Once you have mastered how to tie curtains, you can experiment with different curtain tiebacks that will surely elevate those lovely window treatments. If the concept behind this idea seems pretty straightforward, that’s because it probably is.
The problem is with some people; they tend to mess up the placements of the tieback. Tiebacks that are either too high or too low down the drapery can make things appear awkward rather than stylish.
Today, we will look at different curtain tiebacks from antique to modern styles that fit rustic and luxurious interior designs. All you need is a quick measuring process, some basic curtain hardware, and of course, your preferred choice of curtain tiebacks.
Different curtain tiebacks
Every home in the UK has a unique interior design that fashions a particular style. Whether it is rustic, vintage, modern, contemporary, or grand interior design, several types of curtain tiebacks will complement your interior just fine.
Step 1: Choosing a tieback
There are two main types of curtain tiebacks. The traditional method requires a few curtain hardware, such as simple hooks. Using the tie-back, you can hold your curtain towards the side of your window, allowing more light to shine through.
In some cases, UK homeowners prefer to tie their windows and let them hang across the middle. That kind of style looks suitable for casual and relaxed looks. You can choose between rope-like tie backs or magnetic tie backs that you can clasp together in that case.
If you are a bit indecisive, you should still get yourself a pair of hooks. That way, you can easily decide whether you want your curtains hanging in the middle or side of the window. Changing your mind the next day won’t be a problem since you already have hooks installed. Hiding them won’t be an issue as well.
Step 2: Close your curtains.
The idea is to learn how to tie curtains because tiebacks should help create an elegant window treatment with the perfect curvature. Close your curtains and secure their placements across the rod. Make sure that they don’t quickly move around when you gather the middle sections together.
Step 3: Measure your curtain.
For most people, you can easily decide where your tiebacks should go upon inspection. But if you want to be precise with your measurements, they usually go between two-thirds to a half of the curtain’s length.
If you are dressing two-story windows or those taller than the regular size, you might want to place your tiebacks at a lower height. It’s not that they won’t look too good higher up. Instead, it will be more accessible if you place it in a lower position.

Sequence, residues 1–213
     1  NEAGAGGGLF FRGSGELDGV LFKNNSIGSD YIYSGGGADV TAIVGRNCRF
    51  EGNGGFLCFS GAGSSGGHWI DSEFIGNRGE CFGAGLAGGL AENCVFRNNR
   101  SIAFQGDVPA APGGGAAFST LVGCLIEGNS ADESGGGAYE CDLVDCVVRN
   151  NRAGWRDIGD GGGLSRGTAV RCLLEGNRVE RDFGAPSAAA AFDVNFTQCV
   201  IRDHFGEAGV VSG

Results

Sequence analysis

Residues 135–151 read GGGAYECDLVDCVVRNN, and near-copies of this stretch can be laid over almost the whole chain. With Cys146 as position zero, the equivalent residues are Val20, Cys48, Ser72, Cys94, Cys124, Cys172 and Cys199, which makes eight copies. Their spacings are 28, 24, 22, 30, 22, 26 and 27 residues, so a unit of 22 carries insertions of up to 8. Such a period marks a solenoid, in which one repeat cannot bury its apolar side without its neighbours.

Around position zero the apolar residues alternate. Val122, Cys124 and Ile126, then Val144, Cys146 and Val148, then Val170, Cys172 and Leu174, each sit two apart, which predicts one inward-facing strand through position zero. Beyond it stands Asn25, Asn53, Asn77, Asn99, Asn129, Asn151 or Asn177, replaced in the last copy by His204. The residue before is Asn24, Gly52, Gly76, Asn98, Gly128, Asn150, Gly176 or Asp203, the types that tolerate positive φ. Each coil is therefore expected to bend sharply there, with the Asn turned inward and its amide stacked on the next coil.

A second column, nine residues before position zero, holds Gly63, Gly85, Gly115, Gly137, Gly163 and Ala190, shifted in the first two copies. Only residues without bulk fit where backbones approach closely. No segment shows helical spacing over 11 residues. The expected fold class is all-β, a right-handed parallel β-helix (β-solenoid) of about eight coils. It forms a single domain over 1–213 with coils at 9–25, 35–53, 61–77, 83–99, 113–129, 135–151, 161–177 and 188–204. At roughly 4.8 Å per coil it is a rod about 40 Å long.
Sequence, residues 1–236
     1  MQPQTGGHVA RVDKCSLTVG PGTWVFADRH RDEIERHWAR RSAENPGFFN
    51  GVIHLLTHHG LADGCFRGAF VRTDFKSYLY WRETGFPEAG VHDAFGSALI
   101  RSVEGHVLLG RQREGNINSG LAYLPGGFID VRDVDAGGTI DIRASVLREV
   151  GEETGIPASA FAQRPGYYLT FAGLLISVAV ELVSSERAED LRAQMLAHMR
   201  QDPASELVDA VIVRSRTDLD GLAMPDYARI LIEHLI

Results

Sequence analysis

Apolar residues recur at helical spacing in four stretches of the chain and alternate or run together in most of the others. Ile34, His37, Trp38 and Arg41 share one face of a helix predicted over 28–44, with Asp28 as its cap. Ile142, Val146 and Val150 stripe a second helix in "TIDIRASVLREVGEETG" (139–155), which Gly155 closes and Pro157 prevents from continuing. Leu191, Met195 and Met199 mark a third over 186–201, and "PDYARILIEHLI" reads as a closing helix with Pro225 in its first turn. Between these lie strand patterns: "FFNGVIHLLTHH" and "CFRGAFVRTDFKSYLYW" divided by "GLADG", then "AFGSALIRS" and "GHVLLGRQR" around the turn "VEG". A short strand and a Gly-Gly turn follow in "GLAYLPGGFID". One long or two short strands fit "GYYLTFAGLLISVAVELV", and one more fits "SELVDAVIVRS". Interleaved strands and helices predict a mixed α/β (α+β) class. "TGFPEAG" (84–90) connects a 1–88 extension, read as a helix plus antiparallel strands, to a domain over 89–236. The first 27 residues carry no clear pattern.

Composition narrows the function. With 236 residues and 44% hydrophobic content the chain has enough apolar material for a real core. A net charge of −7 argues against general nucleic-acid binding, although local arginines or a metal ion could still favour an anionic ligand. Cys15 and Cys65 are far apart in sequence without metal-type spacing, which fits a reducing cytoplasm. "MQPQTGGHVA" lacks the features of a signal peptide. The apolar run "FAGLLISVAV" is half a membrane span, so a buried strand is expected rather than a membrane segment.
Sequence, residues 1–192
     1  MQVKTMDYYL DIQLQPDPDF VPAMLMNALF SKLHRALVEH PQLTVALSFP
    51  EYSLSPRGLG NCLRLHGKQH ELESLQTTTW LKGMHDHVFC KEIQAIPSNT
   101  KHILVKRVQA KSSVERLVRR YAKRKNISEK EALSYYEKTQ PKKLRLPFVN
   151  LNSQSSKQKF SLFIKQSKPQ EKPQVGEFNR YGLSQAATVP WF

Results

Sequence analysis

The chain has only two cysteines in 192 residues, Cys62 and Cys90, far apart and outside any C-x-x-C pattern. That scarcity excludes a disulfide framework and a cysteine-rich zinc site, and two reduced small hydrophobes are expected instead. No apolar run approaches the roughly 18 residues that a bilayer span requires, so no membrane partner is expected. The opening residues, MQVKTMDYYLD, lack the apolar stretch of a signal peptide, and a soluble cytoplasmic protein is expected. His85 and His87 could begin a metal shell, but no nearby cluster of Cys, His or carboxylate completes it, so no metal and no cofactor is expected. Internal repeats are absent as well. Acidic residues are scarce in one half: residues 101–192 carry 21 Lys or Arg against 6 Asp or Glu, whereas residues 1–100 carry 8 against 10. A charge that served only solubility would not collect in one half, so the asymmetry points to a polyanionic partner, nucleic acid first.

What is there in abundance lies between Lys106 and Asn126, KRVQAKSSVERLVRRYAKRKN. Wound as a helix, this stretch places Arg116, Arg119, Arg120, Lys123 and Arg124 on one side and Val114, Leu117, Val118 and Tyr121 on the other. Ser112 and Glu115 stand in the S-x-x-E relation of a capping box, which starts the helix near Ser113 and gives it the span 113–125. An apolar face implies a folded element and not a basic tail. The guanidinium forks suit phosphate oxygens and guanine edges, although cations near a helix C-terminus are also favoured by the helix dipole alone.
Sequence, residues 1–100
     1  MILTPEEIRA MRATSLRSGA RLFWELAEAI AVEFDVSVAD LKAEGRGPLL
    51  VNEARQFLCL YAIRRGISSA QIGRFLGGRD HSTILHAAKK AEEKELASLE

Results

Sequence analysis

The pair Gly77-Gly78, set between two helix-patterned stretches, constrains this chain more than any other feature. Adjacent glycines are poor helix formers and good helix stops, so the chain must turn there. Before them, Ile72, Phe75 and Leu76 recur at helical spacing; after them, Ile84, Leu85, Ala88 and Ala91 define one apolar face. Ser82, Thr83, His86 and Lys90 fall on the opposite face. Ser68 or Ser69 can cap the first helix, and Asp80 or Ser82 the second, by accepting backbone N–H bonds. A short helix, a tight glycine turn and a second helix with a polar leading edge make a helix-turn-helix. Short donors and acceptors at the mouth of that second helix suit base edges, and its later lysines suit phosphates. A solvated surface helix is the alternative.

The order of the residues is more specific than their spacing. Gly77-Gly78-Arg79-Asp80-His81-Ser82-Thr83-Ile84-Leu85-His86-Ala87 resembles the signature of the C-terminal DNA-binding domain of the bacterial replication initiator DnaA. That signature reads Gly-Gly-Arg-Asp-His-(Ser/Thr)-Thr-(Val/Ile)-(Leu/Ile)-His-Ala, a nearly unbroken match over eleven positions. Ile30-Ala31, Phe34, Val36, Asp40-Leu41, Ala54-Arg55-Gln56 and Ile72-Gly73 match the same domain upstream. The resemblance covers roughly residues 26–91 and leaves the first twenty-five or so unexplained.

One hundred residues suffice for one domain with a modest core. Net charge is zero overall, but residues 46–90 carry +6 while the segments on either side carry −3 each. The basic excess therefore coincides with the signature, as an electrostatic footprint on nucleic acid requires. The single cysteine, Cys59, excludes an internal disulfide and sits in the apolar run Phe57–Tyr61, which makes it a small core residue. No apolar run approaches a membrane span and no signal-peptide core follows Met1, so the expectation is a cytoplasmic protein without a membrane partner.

Grab the middle section and use your hand as a temporary tieback. If you have a rope or any cable ties at home in the UK, or anything to hold the fabric, you can use that too. Tie the material together and take a step back to see how it looks. You can experiment with different heights until you reach a particular length. Don’t forget to note the measurement.
Step 4: Attach your holdbacks (optional)
This step is optional for those in the United Kingdom who prefer tied curtains hanging at the centre of the window panel. However, if you want them pinned gracefully to the side, then pay attention.
Start by getting yourself some hooks that will hold your tiebacks and curtain. You can opt for decorative holdbacks, which look like decorative door knobs that come in all shapes and sizes.
For simple screw hooks, all you need is the piece itself and a powerful tool that will help you drill a hole in the wall. Decorative holdbacks need at least two to three screws, depending on the design. Please attach it to the wall using the measurement you got in step three.
Step 5: Tie the curtain back
Get your curtain tieback and wrap it around the fabric. You can use a typical knot to secure it in place. Adjust the material so that it creates an elegant curve—experiment with loosely tied or tightened knots.
For curtains swayed to the side using a holdback, gather the fabric from the middle and gently tug the section to the side. Remember that the top part of your curtain should not move along when you pull the middle section. Tie and secure the curtain in place.
Besides using regular drapery ties that you can get from any store, try to experiment with everyday items you find in your UK household. You can even switch it up with DIY curtain tiebacks using cable ties and decorative materials.
Think outside the box when it comes to decorating your holdbacks. There are clear and plain curtain holdbacks that you can easily customize. Decorate it with acrylic paint, stickers, or 3D ornaments like floral garlands, bells, and many more.
Don’t have the time to buy a tieback or make your own? That’s okay since you can also tie the curtains with the fabric itself. Keep in mind that this might only work for longer sheer curtains lengths.
Take a bunch of fabric and treat it as a relatively thick piece of rope. Knot the fabric together, and you will have a neatly tied curtain without the use of any curtain tiebacks or holdbacks. You can also experiment with decorative styles of tying the fabric.
Overall, there are many ways to tie curtains and make them look visually appealing. Find out what works for you, and don’t be afraid of testing the waters.